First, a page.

The markets appear to be rising in knee jerk reaction due to expectation of monetary inflation usually consistent with rate cuts, seems all where getting is price inflation.

    Eclectic it would seem that maybe the FED is acting accomadative in the public view while remaining restrictive in practice,

    “First by inflation then by deflation….

    Now I’ll take that dung ball, is this guy all wet or is he on to something.

    As for liquidity, the Federal Reserve System has expanded the monetary base by less than 2% per annum ever since Bernanke took over in February, 2006. By Greenspan’s standards, this is a policy of tight money. It is disinflationary.

    Amazingly, investors pay little attention to this statistic. They assume from the headlines about the lower federal funds rate that the Federal Open Market Committee is expanding the money supply rapidly, which is not the case. It may be preparing to do this, but as yet, this has not happened.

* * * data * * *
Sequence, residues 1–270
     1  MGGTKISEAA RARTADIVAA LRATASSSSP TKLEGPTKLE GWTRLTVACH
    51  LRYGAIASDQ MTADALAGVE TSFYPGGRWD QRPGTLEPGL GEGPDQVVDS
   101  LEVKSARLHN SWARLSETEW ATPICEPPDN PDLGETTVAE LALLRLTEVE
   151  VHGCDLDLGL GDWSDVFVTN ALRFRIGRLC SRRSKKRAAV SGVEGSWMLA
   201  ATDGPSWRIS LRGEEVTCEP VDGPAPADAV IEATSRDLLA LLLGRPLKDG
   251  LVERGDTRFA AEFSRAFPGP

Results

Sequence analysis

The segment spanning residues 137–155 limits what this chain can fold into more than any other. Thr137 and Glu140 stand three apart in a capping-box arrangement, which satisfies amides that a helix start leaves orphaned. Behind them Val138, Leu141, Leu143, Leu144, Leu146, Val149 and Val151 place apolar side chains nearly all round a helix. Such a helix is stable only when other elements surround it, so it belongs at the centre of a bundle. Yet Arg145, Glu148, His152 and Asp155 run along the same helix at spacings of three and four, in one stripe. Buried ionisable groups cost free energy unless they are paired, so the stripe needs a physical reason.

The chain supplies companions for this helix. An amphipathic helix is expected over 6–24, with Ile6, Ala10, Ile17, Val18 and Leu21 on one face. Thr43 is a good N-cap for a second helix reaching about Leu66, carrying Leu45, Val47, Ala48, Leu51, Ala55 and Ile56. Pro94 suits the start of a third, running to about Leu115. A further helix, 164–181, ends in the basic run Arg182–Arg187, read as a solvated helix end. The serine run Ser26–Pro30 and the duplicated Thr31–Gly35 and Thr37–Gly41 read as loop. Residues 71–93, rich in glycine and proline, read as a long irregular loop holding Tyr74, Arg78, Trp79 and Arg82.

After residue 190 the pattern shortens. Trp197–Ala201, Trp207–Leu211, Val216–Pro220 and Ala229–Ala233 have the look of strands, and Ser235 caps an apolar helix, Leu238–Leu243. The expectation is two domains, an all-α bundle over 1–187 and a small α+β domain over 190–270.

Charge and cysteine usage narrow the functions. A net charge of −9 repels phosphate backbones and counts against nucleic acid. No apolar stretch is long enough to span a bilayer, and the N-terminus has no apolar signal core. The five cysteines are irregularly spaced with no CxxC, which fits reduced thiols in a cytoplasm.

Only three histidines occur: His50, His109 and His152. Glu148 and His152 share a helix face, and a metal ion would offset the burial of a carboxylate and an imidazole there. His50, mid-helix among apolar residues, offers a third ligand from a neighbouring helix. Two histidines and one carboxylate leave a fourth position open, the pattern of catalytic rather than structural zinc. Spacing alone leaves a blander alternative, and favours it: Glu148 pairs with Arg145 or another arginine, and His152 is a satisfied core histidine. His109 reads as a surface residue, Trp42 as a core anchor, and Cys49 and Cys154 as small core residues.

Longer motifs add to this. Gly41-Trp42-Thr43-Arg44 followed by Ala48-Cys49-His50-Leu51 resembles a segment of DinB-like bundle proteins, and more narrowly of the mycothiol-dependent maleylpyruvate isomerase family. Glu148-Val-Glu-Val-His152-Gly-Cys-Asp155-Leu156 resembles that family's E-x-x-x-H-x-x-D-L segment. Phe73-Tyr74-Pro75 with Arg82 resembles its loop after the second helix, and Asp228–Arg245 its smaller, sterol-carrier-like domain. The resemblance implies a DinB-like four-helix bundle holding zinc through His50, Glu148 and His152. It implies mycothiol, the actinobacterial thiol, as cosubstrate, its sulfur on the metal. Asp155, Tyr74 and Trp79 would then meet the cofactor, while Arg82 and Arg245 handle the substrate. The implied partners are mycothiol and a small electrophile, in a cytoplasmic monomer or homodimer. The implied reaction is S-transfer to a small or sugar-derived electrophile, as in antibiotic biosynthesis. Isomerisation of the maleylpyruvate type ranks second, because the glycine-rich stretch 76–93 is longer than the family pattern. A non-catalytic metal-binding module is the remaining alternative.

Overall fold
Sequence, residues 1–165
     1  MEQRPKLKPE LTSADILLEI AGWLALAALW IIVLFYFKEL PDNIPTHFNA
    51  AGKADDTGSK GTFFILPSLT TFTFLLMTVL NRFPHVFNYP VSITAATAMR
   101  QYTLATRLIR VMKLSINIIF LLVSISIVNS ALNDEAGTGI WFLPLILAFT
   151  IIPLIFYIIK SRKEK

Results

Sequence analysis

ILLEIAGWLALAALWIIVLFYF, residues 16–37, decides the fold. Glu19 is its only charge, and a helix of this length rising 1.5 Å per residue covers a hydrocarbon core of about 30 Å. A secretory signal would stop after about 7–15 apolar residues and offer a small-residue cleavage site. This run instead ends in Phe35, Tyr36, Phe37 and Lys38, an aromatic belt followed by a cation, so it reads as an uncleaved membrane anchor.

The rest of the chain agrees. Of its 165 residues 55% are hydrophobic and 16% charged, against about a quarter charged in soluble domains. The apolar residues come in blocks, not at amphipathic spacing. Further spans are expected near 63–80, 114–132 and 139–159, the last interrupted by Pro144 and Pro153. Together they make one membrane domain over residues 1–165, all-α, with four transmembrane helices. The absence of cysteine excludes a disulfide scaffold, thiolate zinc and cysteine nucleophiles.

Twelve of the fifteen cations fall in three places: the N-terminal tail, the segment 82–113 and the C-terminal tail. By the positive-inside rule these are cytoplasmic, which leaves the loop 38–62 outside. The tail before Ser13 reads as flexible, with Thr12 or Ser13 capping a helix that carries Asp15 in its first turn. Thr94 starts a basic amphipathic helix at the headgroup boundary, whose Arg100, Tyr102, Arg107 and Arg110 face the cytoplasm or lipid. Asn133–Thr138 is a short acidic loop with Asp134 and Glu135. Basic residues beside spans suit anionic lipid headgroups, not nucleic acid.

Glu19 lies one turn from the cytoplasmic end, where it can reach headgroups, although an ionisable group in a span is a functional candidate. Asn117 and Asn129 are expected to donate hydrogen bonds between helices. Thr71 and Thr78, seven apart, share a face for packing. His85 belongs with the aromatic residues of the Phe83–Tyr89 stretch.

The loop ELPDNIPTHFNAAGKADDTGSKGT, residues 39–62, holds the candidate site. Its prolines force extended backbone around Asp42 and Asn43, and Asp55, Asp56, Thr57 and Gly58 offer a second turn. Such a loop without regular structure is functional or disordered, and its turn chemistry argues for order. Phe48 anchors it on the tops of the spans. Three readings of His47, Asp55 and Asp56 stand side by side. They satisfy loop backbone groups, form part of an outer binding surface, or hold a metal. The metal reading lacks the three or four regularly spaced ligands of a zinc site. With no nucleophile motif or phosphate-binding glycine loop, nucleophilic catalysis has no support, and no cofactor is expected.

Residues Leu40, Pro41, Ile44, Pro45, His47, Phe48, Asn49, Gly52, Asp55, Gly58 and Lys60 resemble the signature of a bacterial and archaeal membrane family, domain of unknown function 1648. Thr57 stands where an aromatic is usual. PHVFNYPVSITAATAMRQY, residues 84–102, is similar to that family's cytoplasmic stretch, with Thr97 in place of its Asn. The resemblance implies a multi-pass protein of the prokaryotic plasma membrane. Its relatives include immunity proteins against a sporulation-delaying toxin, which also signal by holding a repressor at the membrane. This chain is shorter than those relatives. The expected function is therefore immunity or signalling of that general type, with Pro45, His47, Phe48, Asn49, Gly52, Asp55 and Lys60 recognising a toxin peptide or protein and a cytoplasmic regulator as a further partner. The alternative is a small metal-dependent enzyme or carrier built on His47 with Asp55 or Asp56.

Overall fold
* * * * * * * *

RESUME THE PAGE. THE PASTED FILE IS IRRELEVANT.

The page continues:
25. wunsacon commented on Oct 4

    Why does anyone need or want the federal government to set a prize for a clean or efficient engine? I don’t, because:
    – That’s what VC’s are for.
    – Higher energy prices will spur innovation.

    I wish the government would refrain from tinkering. They should:
    – Set energy taxes as a percentage of the nominal price (instead of absolute prices which have to be re-legislated every few years).
    – Set greenhouse gas limits, issue pollution credits to the public, and let us citizens auction them as we see fit.

    The executive and legislative branches can then spend more time fixing other problems which require their attention.

  26. wunsacon commented on Oct 4

    For example, the government mandate of ethanol most likely had these two overlooked side-effects:
    – *Some* people and capital moved away from “let’s come up with a better engine or fuel” to “let’s figure out how to grow/process corn better”.